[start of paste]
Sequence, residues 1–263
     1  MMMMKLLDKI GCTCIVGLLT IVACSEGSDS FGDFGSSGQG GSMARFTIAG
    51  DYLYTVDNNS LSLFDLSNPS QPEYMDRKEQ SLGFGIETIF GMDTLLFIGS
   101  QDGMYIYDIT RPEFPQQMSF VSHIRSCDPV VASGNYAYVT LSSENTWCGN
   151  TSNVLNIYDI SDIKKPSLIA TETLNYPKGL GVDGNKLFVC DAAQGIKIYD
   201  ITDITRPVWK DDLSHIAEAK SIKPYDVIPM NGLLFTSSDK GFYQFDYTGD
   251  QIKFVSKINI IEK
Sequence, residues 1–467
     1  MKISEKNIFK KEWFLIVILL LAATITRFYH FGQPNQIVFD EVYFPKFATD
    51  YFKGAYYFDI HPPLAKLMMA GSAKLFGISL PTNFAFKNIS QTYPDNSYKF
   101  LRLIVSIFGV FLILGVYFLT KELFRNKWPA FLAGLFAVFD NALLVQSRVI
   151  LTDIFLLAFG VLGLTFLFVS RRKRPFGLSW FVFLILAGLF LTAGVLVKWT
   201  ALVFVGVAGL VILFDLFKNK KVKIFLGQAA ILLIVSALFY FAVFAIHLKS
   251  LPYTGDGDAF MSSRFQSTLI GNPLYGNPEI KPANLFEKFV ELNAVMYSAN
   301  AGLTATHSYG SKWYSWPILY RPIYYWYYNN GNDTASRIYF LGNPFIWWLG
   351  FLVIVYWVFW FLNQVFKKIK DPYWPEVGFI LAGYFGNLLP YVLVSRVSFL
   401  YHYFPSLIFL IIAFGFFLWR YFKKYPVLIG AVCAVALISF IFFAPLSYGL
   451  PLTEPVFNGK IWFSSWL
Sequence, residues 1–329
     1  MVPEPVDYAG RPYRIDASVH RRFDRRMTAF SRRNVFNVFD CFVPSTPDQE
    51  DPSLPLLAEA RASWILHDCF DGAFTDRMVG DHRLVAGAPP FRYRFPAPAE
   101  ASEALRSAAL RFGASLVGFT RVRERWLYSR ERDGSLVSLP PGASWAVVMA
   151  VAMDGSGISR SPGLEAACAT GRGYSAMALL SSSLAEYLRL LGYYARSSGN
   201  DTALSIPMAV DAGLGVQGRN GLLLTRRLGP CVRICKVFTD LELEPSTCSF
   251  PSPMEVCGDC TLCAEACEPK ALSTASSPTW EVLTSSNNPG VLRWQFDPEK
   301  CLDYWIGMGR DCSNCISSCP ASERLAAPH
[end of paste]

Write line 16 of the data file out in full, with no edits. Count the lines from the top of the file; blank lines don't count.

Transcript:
   351  FLVIVYWVFW FLNQVFKKIK DPYWPEVGFI LAGYFGNLLP YVLVSRVSFL